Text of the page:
Ship finance expert Shaerf on the dichotomy between big and niche cruise players

Peter Shaerf, managing director at the New York based shipping finance specialist AMA Capital Partners

Cruise shipping, like other maritime sectors, is capital-intensive, notes Peter Shaerf, managing director at the New York based shipping finance specialist AMA Capital Partners.

In a wide ranging interview with SCN, the shipping veteran shared his thoughts on finance and the cruise sector: ‘Very broadly, he explained, ‘There is a big dichotomy between the handful of top cruise companies, who can raise capital using the strength of their balance sheets and ready access to the capital markets including unsecured bonds, versus smaller companies.’

In contrasting the situation for the smaller companies, he added, ‘the niche players who are new entrants – or want to be, have an extremely hard time obtaining capital from the traditional sources which are no longer financing cruise transactions.’

Still, economic developments have provided some help in funding of new ventures for industry entrants he reminds.

He explained that Export Credit Agency (ECA) finance, an important component in financings of very large ships for the bigger cruise companies, has also benefited the smaller owners.

He also pointed to the interplay of cruise, especially for niche vessels, with the oil services markets, noting that: ‘There has been yard capacity freed up, with the weak markets for building OSVs and supply boats.’

Shaerf started in shipping over 30 years ago and worked as a shipbroker for container and dry cargo vessels, founding a company, The Commonwealth Group.

The intinstic link with marketing

Though his specialty is the money side of the business, Shaerf highlighted the intrinsic linkages with marketing and strategies. He explained that, as cruising continues to grow (at an annual rates of circa 7% – 8%), the business must create new and diverse experiences, to encourage both repeaters and attract new to cruise.

‘The Millennials are an important target segment,’ he said. One way to achieve this objective is to offer diverse itineraries, he noted.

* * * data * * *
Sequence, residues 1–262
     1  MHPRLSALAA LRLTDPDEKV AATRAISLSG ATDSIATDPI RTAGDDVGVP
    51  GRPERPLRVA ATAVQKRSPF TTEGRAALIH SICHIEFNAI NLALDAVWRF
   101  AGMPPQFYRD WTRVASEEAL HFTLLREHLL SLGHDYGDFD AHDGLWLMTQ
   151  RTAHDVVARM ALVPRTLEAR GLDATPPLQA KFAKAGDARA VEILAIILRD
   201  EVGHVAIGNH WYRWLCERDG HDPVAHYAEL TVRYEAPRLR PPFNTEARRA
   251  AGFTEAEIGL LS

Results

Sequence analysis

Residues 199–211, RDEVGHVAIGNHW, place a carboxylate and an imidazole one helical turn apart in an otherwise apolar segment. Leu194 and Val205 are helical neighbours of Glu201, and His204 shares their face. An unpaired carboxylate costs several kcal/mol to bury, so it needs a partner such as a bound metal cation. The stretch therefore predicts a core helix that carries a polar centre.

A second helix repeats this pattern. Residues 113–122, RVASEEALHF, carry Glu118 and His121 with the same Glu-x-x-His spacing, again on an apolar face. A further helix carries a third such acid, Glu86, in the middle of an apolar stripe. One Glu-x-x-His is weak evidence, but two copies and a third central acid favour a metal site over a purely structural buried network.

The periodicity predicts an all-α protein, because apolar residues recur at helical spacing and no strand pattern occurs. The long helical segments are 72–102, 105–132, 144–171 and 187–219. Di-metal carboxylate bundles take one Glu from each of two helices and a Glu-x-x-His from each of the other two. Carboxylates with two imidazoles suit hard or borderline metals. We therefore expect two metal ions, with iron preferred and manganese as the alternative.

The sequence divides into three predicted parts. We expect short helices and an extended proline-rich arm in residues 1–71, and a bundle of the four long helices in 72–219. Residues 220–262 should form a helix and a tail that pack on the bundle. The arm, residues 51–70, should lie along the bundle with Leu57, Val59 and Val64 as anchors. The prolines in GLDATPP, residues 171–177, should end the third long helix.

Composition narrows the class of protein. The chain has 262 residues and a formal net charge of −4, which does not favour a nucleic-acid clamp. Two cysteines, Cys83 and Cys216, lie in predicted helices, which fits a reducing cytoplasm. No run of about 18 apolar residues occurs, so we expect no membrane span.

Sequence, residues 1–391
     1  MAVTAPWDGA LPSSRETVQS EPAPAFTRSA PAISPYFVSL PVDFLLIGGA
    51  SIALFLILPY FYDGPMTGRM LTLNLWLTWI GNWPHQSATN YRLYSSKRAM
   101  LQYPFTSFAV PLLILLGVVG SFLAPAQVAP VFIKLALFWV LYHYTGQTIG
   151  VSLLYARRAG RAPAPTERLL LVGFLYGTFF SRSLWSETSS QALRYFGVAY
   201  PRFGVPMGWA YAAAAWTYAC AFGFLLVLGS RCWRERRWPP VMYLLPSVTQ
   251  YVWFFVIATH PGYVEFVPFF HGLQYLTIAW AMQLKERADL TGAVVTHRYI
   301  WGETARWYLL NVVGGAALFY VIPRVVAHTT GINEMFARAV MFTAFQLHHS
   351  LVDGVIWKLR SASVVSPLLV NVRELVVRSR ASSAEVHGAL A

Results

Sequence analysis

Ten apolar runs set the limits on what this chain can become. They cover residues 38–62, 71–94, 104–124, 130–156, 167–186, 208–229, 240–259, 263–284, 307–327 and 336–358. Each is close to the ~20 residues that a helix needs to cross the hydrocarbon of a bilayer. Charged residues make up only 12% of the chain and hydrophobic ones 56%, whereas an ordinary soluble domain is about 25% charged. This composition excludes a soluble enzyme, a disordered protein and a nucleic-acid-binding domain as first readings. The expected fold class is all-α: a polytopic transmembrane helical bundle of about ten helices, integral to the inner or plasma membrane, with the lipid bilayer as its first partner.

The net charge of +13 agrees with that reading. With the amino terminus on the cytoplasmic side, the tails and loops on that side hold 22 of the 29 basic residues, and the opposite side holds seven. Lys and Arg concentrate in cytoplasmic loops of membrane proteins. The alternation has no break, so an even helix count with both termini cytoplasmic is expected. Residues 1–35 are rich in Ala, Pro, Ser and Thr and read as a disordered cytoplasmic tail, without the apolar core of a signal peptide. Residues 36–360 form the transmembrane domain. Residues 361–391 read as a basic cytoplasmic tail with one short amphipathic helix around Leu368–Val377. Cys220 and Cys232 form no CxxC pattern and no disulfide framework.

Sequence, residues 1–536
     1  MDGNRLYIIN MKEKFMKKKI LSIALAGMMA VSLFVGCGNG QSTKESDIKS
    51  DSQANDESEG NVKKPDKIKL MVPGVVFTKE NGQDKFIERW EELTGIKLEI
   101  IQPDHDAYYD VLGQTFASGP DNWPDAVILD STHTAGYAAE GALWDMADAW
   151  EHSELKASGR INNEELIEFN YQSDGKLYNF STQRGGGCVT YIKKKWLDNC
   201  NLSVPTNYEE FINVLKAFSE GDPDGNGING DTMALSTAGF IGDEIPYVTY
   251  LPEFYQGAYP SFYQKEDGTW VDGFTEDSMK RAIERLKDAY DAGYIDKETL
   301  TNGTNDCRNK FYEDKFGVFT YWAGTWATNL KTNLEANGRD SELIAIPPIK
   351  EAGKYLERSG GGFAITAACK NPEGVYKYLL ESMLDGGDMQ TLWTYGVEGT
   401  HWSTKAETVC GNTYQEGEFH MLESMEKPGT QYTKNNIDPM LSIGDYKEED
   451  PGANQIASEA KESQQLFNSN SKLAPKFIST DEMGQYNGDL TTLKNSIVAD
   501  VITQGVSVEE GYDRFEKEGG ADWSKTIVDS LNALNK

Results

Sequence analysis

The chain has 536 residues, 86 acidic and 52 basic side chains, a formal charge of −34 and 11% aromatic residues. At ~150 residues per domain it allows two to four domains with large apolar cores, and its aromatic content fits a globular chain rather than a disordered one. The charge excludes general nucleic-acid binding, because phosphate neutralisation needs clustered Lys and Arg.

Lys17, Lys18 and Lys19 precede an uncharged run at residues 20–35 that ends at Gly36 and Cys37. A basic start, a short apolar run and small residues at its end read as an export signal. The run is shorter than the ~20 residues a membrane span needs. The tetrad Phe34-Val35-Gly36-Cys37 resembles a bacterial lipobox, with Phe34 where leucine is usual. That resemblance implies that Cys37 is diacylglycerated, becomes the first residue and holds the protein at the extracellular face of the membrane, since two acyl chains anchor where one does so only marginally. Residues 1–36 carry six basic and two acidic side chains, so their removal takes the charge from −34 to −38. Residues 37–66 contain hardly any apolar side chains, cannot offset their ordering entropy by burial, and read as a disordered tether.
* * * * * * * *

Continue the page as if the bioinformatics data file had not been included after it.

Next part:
There are other important tie-in’s with the increasingly experience-driven hospitality sector, which come with plusses and minuses.

Positives with well-known brands entering cruise

On the positive side, ‘Linkages with well-known brands, with examples being Virgin and Ritz Carlton’ do open up money raising channels. However, Shaerf, whose business includes financing in the expedition sector, talked about the importance of pre-booking of cabins, a year or two in advance, saying, ‘Financiers want to see forward bookings’.

New brands may not only provide clever marketing inspiration for the larger guys; they may also be the grist for future acquisitions, Shaerf said.

He thinks we will continue to see consolidation.

Where operators have a diverse portfolio, ‘it also is a way to provide a home for older ships,’ he remarked.

Developments in other sectors may bode well for cruise ship financing, with Shaerf saying: ‘Like new destinations’.

He mentioned the Norwegian bond market, a mainstay for industrial shipping projects, which recently saw money raises for containership deals. ‘It’s only a matter of time,’ he said, ‘before someone from the cruise side is able to tap this market.’


Posted 15 May 2018

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Barry Parker

Author Bio ▼

New York correspondent, Seatrade Maritime News Barry Parker is a New York-based maritime specialist and writer, associated with Seatrade since 1980. His early work was in drybulk chartering, and in the early 1990s he moved into shipping finance where he served as a deal-maker and analyst with a leading maritime merchant bank. Since the late 1990s he has worked for a group of select clients on various maritime projects, also remaining active as a writer.

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